Hero or villain: Why France is divided over Napoleon

France had abolished slavery at the time of the Revolution, but in 1802 Napoleon decided to reintroduce it in France’s overseas territories, especially in the Caribbean where the slaves were forced to work on sugar plantations in horrific conditions. 

Slavery was finally abolished for the second and final time in 1848, long after Napoleon had been deposed. 


This isn't the only reason, but these days he is regarded as controversial in France - the 200th anniversary of his death in 2021 saw prolonged arguments over whether the day should be marked at all.

He was the greatest general who ever lived 


These days perhaps his defeats are better known - he remains the only military figure who has inspired a Eurovision song about losing a battle (Abba and Waterloo in 1974).

But the early years of his military and political career are marked with several stunning success and the vast expansion of France to cover much of modern-day Europe. 

But he also gave his reputation as a great general a bit of a helping hand by publishing his own propaganda right from the beginning of his career. During his Egyptian campaign in 1798 he set up and funded Le Courier de l'Égypte newspaper, which basically existed to tell readers back in France how brilliant he was. 

He reduced the French holiday calendar 


While his military career ended in defeat, exile and death, what's often less appreciated - especially by international audiences - is just how much of an impact Napoleon had on modern France.

Many of the country's current laws can be traced back to the Code Napoléon and he had a busy programme of reform for domestic institutions - many of which still exist today. He established the lycée (high school) system, reformed the army and the civil service and established the principle of promotion exams.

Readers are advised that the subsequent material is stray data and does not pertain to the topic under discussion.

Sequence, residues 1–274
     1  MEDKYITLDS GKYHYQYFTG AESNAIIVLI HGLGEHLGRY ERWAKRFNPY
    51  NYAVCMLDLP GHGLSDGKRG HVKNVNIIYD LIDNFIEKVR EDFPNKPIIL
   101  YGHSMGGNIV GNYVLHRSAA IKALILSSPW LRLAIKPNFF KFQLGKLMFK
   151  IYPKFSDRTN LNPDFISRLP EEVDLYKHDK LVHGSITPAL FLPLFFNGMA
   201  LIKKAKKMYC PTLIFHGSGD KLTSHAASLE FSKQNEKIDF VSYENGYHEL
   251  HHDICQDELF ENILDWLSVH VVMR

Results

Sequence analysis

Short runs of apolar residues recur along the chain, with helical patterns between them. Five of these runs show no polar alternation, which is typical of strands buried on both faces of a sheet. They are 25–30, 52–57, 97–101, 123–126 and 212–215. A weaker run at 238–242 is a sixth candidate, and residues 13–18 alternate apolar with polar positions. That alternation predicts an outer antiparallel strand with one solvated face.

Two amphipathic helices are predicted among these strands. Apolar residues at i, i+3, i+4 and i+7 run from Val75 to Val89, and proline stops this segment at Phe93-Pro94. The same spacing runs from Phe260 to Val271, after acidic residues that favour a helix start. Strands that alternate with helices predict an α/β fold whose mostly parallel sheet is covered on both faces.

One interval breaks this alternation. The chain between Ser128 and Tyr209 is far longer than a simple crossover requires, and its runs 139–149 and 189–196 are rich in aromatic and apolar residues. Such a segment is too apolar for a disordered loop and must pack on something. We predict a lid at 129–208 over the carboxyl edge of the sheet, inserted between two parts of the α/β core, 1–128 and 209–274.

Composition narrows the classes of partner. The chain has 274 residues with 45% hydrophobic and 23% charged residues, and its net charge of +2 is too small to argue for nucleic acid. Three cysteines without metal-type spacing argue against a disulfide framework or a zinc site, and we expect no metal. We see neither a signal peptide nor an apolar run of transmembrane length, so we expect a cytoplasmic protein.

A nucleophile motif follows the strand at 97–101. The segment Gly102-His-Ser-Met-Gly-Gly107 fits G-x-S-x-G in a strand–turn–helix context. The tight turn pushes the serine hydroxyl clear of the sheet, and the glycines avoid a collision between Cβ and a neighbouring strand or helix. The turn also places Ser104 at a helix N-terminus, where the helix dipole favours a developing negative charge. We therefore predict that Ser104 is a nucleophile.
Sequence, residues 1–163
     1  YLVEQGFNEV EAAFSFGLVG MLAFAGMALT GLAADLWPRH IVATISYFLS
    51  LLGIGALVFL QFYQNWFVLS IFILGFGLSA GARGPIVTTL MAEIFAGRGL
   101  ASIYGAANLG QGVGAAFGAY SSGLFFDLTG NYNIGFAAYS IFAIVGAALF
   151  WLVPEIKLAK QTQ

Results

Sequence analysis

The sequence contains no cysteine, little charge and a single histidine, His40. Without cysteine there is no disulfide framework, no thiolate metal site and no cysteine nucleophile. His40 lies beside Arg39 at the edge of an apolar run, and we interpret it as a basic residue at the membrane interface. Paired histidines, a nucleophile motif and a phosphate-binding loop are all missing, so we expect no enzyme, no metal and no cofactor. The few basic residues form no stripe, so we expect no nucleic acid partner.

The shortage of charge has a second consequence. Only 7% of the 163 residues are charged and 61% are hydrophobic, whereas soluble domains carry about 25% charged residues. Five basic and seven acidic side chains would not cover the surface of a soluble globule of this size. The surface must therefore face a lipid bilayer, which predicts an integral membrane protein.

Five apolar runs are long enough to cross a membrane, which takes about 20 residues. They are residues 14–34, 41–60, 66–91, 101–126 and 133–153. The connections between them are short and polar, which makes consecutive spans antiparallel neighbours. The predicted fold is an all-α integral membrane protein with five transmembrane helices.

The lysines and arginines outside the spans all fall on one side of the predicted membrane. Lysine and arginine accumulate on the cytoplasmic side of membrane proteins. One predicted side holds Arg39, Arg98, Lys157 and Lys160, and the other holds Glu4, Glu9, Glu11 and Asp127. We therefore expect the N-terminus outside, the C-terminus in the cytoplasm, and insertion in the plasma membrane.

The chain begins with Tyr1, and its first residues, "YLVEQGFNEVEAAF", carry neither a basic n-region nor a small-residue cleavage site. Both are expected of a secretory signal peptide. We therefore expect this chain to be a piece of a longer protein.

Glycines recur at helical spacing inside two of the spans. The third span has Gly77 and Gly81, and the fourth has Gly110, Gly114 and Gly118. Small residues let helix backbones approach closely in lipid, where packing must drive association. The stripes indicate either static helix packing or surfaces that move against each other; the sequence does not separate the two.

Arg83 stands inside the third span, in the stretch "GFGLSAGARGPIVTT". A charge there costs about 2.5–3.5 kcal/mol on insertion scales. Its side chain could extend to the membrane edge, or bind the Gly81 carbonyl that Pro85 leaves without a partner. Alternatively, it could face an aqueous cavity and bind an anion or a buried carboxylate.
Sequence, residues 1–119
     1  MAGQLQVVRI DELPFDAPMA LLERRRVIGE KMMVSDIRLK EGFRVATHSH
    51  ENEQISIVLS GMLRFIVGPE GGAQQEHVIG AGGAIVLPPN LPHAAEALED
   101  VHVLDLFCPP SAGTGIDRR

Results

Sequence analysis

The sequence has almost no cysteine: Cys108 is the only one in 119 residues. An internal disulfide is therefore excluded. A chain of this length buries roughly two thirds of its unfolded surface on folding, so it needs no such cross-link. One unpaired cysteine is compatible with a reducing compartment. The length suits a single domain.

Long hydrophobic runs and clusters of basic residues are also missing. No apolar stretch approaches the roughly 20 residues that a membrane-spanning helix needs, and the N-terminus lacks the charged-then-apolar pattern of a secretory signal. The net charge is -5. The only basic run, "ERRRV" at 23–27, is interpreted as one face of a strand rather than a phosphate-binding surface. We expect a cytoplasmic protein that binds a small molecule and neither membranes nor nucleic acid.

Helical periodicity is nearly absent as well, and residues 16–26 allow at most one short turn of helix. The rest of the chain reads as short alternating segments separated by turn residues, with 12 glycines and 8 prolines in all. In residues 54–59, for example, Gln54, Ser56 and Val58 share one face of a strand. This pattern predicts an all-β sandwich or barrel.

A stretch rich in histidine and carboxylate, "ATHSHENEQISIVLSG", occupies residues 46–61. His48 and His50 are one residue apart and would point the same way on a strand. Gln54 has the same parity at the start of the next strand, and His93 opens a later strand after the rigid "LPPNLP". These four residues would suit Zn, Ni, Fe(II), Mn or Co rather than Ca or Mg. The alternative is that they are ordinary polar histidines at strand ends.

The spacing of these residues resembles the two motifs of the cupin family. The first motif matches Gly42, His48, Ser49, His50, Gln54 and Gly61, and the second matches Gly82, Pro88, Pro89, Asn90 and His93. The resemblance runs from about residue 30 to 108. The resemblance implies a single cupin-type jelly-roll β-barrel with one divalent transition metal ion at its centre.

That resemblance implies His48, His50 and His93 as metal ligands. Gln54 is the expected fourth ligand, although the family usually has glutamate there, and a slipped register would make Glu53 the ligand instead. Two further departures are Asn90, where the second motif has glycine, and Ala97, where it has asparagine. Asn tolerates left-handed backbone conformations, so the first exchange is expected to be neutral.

He also reformed the French public holiday calendar, abolishing many of the public holidays that marked Catholic saints days, including Good Friday (the Friday before Easter) which remains to this day a normal working day in France, unlike most other European countries.

The holiday calendar he created is broadly the same as the one used today, with a few later additions such as holidays to mark the end of World War I and II. 

He banned people naming pigs after him


This is a curiously enduring myth - that at one time it was illegal to name a pig Napoleon in France, because of the perceived insult to the head of state. In fact there is no record of any law existing covering the naming of pigs, or of anyone being prosecuted over the name of their pig.

There was a law published in 1881 - long after the death of Napoleon - that made it illegal to be rude about the president in France (and only the president, insulting other politicians was always fine).

This was only finally abolished in 2013 after the European Court of Human Rights ruled that a man could not be prosecuted for telling Nicolas Sarkozy to ‘casse-toi, pauvre con’ (get lost, dickhead). 

If you like sorting fact from fiction in history - check out our series on the 22 biggest myths from French history.


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John Adams 2023/11/17 18:52
"Casse-toi, pauvre con" was said by Sarkozy, to a farmer at the Salon d'Agriculture who refused to shake hands with him as he didn't want to get his hands dirty